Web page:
The missing person’s details will be circulated on the SAPS computer network, and will also be placed on the database of the National Bureau of Missing Persons (“NBMP”).

The contact details of the Johannesburg office of the NBMP is:

Postal address:        P.O. Box 58452

Telephone.         011 670-6316


The following are the key factors in the finding of a missing person:

•    Speedy action in reporting.

•    Complete and accurate information.

•    Co-operation by all role players.

Tips from ChildSafe


We would like to ask parents and caregivers to be alert near water and watch young closely especially during the summer months. Don’t get complacent during winter month as children drown during this season as well. Every day more than one child drowns in South Africa.  Most of these drownings can be prevented.

Please take note of the following important messages to prevent drowning.


•    Always supervise children, especially the young near water.  Even if they can swim they still need to be watched.
•    We recommend that swimming pools should be fully fenced with a self-closing and self-latching gate.  SABS specifications on pool fences are available.
•    Do not prop pool fence gates open.  Many children have drowned in fenced pools because someone left the gate open.
•    Make sure there is nothing for your child to climb onto near the pool i.e. pot plants, trees.  Make sure your child does not have access to the pool from the house.
•    If you do not want to make use of a fence, install a pool safety net.  These should always be kept on when pool is not in use and once taken off children should be supervised.  Always use pool nets according to instructions.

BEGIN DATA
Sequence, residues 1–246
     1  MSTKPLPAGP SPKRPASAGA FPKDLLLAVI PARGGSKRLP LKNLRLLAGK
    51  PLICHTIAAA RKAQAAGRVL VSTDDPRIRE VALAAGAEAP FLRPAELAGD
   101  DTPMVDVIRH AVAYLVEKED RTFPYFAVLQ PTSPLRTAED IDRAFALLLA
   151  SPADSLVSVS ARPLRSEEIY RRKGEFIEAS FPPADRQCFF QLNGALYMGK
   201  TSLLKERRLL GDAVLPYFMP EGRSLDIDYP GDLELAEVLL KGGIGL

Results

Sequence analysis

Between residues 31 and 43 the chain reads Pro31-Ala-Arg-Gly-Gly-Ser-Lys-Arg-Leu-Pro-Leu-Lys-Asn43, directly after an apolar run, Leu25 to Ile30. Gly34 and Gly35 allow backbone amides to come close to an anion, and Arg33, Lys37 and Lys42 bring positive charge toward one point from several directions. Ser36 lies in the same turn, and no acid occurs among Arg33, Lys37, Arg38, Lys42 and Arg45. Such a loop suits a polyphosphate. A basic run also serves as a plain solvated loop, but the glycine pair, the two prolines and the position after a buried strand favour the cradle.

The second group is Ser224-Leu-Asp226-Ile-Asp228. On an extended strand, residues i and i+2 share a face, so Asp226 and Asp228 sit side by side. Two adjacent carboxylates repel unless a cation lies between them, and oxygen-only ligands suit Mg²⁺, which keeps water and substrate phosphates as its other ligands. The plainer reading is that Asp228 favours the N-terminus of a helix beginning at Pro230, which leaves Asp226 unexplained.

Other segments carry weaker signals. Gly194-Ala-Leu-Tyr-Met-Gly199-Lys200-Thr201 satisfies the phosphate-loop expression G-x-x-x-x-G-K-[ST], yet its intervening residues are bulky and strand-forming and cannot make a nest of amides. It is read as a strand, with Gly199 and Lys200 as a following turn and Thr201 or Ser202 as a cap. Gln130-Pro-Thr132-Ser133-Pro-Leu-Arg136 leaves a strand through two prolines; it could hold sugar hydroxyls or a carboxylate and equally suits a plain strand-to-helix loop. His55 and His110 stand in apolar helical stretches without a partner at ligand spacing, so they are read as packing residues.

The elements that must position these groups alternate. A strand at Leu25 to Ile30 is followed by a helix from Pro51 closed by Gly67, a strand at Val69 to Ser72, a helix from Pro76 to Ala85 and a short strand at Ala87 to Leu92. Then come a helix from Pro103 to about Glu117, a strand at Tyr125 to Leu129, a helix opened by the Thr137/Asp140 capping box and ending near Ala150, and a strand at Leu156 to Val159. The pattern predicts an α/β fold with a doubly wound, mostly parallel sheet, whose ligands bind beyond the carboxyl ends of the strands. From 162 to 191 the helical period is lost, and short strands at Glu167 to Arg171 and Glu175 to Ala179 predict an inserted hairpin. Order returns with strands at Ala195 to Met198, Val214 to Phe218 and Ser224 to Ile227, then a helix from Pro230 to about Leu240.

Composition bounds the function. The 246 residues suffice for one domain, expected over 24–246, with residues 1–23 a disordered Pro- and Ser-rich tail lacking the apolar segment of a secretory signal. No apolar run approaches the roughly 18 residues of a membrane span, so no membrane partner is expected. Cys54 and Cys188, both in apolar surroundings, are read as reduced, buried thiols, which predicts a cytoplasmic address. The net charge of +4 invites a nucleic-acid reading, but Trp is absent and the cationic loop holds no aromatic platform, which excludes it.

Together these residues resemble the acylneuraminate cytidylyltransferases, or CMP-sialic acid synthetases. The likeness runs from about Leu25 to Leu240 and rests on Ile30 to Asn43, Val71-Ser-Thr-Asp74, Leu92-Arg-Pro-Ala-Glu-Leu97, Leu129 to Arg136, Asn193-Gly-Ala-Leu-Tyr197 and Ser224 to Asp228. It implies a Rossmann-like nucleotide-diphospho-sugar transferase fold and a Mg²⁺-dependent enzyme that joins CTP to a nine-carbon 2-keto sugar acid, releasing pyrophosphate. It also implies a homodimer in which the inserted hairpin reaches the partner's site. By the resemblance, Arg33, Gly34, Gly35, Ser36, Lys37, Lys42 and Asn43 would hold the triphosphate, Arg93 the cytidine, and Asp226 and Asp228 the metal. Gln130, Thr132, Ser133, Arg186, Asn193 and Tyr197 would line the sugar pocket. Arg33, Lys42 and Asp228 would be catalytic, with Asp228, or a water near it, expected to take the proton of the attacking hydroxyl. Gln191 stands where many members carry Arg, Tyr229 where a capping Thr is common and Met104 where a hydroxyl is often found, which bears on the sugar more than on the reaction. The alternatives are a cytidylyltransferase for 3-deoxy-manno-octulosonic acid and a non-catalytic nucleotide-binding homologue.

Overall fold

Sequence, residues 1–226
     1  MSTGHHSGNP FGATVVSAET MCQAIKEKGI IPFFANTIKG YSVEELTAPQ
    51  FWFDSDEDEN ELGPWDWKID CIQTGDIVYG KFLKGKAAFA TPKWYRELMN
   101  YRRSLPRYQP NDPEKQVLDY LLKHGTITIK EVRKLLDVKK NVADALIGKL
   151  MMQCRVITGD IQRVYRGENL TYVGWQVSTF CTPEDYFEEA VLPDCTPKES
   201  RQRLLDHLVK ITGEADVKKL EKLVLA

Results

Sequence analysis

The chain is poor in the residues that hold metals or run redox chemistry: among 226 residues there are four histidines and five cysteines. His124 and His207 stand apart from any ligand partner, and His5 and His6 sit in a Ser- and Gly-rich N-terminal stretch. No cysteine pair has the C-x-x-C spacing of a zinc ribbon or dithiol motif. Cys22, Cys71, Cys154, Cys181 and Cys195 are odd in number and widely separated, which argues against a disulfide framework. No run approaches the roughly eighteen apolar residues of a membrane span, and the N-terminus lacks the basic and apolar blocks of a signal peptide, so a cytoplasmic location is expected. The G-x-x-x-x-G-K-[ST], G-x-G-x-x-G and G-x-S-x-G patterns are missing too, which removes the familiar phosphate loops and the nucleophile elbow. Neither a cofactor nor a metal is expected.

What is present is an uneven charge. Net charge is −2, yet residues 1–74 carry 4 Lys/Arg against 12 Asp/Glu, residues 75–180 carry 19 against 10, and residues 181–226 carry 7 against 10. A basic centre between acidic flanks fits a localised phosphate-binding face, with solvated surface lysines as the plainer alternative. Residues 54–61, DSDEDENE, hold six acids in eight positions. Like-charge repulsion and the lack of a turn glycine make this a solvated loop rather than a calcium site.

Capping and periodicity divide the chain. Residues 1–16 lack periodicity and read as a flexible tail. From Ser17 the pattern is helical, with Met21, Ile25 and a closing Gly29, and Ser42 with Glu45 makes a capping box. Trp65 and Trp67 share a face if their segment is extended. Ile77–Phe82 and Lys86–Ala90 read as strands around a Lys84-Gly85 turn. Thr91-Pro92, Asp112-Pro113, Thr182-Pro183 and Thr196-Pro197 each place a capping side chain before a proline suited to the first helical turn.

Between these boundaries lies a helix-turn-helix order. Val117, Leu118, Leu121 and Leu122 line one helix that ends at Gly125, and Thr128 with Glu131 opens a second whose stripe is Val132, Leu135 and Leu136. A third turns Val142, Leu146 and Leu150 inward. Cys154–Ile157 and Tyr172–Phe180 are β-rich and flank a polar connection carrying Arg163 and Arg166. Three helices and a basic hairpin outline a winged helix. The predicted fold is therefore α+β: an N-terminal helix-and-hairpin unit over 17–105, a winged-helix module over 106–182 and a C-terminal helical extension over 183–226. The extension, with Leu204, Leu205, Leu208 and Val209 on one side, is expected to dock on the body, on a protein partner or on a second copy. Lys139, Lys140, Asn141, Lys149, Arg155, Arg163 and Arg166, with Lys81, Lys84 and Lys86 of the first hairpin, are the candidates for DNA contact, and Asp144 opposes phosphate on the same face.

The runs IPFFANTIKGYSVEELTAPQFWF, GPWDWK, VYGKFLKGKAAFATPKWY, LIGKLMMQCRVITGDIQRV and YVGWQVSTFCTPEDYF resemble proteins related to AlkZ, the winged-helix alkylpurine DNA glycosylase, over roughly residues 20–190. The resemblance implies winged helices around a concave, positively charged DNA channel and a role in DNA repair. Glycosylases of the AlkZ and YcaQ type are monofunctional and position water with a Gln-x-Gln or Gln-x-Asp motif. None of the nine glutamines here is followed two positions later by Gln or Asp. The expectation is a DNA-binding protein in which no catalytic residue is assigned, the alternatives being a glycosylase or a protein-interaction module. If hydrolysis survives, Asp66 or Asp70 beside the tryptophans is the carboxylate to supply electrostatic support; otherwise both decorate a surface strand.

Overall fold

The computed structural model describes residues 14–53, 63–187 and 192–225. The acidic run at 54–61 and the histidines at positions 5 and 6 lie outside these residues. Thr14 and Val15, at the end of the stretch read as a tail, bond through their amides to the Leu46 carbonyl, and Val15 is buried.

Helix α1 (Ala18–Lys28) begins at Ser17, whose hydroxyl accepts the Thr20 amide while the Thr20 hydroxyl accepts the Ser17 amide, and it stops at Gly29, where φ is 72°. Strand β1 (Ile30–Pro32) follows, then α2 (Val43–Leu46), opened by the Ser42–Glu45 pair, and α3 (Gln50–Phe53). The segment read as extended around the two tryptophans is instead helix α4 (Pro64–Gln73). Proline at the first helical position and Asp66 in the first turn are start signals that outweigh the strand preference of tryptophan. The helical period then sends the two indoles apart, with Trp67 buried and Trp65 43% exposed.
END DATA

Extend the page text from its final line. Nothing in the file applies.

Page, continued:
•    Never rely on floatation devices or swimming lessons to protect your young child.


•    Never leave small children unattended in the bath.  A drowning happens in a matter of seconds.  If you have to leave the bathroom, take your child with you.
•    Always empty containers of water.  Keep nanny buckets closed or high out of reach.
•     The fishpond should always be covered with mesh or a net to prevent infants from drowning.
•    Make sure your toddler does not have access to a Jacuzzi.
•    Always empty paddling pools after use or close safely.
•    If you live near natural hazards such as rivers, dams, vleis, you can’t fence these so fence your backyard or property.  Always know where your children are.
•    When boating everyone should wear lifejackets.
•    Always supervise children at the beach and at public swimming pools.
•    Small children should never swim alone.
•    Always be prepared for emergencies, learn CPR.
•    Teach children to swim as soon as possible and also teach them water survival skills. 
•    Always make use of a good qualified swim teacher.

Foreign Bodies – Ingested or inhaled

It is quite natural for young children to place different objects in their mouths, but sometimes the result can be serious